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Men's Health Sexual-Reproductive

Men Infected With HPV Have Odds Of Reinfection

4 months, 2 weeks ago

1214  0
Posted on Feb 09, 2018, 11 a.m.

HPV16 is responsible for most human papillomavirus related cancers in men. After a one year period men are up to 20 times more likely to become infected with the same type of human papillomavirus. This same effect was seen in men who reported being celibate and sexually active, as published in the Proceedings of the National Academy of Sciences.

 

HPV16 is responsible for most human papillomavirus related cancers in men. After a one year period men are up to 20 times more likely to become infected with the same type of human papillomavirus. This same effect was seen in men who reported being celibate and sexually active, as published in the Proceedings of the National Academy of Sciences.

 

Human papillomavirus is one of the most common sexually transmitted infections, with more than 200 genetically distinct types. Vaccination may only protect against as little as 9 of the known 200 types of human papillomavirus. It is estimated that over 79 million Americans are infected with HPV, most of which don’t even know that they have it. Often there are no symptoms and the human papillomavirus will go away on its own without causing health issues.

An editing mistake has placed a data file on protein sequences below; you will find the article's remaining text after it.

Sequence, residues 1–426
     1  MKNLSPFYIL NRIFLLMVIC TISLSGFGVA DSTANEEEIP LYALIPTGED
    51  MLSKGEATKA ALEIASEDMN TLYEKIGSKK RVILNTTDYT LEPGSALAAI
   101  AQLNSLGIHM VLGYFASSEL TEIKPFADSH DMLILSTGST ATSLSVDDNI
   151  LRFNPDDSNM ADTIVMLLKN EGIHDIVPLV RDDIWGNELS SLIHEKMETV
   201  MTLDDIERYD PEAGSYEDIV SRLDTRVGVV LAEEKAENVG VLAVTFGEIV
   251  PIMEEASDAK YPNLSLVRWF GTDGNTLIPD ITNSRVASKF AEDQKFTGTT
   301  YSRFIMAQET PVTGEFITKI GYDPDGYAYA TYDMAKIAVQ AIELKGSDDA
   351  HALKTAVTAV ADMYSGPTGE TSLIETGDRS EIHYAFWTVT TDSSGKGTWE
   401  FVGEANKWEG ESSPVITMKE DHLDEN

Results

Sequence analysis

This study investigated the many types of HPV and why the coexist. The researchers analyzed data that was tracked from over 4000 men over a 5 year period. The data analysis suggests that the diversity of human papillomavirus types may stem from the recurring infections of particular types of HPV within the individuals. Only a small amount of people are infected with any one type of human papillomavirus, the high overall HPV prevalence occurs because close to nearly half of the adult population carries at least one type of human papillomavirus. The risk of reinfection is possibly high due to the reactivation of a latent virus, or spreading the infection by the repeated contact between different locations on the body, or a combination of both.

 

Materials provided by Moffitt Cancer Center.

Note: Content may be edited for style and length.

Journal Reference:

Sylvia L. Ranjeva, Edward B. Baskerville, Vanja Dukic, Luisa L. Villa, Eduardo Lazcano-Ponce, Anna R. Giuliano, Greg Dwyer, Sarah Cobey. Recurring infection with ecologically distinct HPV types can explain high prevalence and diversity. Proceedings of the National Academy of Sciences, 2017; 201714712 DOI: 10.1073/pnas.1714712114

 

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